Recurrent Lyme Disease Is Due to Reinfection, Not Relapse

Neeraj K. Surana, M.D., Ph.D.; Dennis L. Kasper, M.D.


AccessMedicine from McGraw-Hill 

Lyme disease is increasing in both incidence and geographic distribution. Given that the etiologic agent, Borrelia burgdorferi, is difficult to culture in routine clinical laboratories, there has been a long-standing controversy over whether this pathogen can cause relapsing and/or chronic disease. Recurrent disease—often manifesting as recurrent erythema migrans, a hallmark of Lyme disease—is common and can follow appropriate antibiotic treatment. Proponents of “chronic Lyme disease,” which manifests primarily as neurocognitive symptoms and/or fatigue, suggest that it can occur whether or not the patient has received appropriate antimicrobial therapy during the initial infection; they argue that prolonged antibiotic therapy is needed in such cases.

In a prospective study, Nadelman and colleagues (2012) used three different genetic tests—multilocus sequence typing and analyses of ospC and the 16S–23S ribosomal RNA intergenic region—to characterize the B. burgdorferi genotype from 22 paired consecutive episodes of erythema migrans in 17 patients. Isolates were cultured from skin, blood, or both, and all patients received standard courses of antibiotics. None of the isolates from the 22 paired consecutive episodes was of the same genotype. One patient with four episodes of erythema migrans (i.e., three paired episodes) had the same genotype isolated from lesions during the first and third episodes. However, the lesions in these two episodes were anatomically and temporally distinct, occurring on the right ankle and the right buttock, respectively, and appearing 5 years apart. The third episode in this patient was associated with a punctum at the center of the lesion, which suggested a recent tick bite rather than relapsed infection. Moreover, the ospC genotype identified for the isolates from the first and third episodes was that most commonly identified. If each patient was infected with two different genotypes at the first episode of erythema migrans, the probability that chance alone accounted for these findings is 1 in 5 million; even if each patient was initially infected with five different genotypes, the probability that chance alone explains the detection of different genotypes is less than 0.01.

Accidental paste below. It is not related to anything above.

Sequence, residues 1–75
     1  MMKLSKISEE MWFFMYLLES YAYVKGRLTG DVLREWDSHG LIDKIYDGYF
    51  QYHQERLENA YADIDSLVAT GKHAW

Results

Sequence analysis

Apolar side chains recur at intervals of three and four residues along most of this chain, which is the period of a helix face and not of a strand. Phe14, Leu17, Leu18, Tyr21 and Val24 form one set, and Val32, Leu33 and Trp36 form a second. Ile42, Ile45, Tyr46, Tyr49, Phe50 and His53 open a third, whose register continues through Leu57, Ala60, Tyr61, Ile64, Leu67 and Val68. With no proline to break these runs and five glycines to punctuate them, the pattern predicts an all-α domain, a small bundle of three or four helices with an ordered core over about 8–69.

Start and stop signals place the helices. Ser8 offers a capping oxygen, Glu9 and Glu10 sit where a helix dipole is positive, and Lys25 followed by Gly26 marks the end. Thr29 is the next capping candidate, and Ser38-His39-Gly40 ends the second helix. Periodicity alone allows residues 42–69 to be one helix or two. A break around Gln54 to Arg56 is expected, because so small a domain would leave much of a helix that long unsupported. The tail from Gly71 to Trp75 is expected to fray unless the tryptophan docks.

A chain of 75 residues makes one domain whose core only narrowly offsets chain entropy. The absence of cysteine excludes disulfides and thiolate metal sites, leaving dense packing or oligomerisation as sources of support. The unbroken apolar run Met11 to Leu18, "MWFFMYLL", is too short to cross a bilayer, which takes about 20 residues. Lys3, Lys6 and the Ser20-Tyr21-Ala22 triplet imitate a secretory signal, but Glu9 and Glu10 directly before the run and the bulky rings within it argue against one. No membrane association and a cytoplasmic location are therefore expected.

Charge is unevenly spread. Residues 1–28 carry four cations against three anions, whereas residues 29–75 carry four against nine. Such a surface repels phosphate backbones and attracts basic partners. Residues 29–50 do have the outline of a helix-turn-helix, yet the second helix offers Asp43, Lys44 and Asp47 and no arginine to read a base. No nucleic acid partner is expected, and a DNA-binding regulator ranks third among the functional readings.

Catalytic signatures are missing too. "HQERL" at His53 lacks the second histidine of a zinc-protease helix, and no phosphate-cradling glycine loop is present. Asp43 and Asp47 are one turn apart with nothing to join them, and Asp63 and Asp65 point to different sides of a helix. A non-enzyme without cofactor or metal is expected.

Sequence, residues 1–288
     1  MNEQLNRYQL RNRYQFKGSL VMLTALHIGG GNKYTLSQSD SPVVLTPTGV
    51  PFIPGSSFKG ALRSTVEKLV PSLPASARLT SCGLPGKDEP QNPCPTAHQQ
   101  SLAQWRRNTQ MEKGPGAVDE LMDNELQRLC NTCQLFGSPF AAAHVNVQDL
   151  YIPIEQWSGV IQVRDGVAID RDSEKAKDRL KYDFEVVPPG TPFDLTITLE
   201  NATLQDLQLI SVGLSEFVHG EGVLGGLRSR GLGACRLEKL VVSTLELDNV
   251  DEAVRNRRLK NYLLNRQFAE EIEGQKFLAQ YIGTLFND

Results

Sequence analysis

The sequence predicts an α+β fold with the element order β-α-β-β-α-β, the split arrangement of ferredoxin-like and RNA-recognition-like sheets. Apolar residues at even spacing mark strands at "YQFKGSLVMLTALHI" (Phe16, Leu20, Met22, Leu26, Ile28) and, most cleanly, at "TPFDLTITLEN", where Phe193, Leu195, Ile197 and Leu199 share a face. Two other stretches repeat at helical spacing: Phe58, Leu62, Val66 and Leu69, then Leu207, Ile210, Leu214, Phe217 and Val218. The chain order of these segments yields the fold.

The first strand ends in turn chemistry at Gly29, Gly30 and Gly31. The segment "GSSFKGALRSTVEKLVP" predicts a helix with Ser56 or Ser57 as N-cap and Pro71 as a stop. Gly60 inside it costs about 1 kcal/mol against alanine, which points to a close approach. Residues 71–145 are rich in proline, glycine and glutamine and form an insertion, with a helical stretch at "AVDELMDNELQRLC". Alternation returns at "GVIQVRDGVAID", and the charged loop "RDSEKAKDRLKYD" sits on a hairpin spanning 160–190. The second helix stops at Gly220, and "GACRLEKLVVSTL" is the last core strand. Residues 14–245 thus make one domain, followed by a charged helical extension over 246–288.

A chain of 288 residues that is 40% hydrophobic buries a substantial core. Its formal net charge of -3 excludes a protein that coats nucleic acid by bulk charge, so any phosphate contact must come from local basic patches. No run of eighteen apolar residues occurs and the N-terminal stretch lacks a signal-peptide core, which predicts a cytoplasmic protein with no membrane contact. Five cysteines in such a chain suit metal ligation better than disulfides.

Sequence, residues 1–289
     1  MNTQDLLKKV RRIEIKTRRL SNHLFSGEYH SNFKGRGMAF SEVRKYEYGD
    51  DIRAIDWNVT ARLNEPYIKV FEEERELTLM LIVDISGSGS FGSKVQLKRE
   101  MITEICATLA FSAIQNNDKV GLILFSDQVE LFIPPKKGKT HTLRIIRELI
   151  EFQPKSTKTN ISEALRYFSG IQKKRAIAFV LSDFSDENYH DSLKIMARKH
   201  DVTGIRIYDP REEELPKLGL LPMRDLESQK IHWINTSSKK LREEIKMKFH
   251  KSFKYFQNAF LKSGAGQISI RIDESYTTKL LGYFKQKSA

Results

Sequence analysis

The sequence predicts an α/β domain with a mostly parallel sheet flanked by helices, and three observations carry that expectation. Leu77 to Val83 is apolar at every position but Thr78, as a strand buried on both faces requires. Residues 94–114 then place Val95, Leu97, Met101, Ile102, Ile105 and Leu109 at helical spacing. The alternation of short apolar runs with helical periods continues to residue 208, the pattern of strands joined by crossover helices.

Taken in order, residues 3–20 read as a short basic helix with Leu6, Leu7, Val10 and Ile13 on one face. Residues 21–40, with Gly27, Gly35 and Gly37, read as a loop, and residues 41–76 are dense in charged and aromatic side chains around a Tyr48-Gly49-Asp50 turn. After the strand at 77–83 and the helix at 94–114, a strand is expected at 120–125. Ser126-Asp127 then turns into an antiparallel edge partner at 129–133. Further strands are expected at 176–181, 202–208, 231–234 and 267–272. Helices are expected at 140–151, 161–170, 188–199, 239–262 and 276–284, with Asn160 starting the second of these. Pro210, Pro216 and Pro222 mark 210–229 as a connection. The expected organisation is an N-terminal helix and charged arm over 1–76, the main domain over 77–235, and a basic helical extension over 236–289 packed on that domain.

Perspective: This study demonstrates that patients with recurrent erythema migrans who received appropriate antibiotic therapy for their initial episode are reinfected with B. burgdorferi as opposed to having relapses of disease. These findings add to the mounting clinical evidence that the traditionally recommended courses of antibiotics are sufficient to eradicate B. burgdorferi and lend further support to guidelines endorsed by the Infectious Diseases Society of America, which posit that prolonged antibiotic therapy for Lyme disease is not helpful.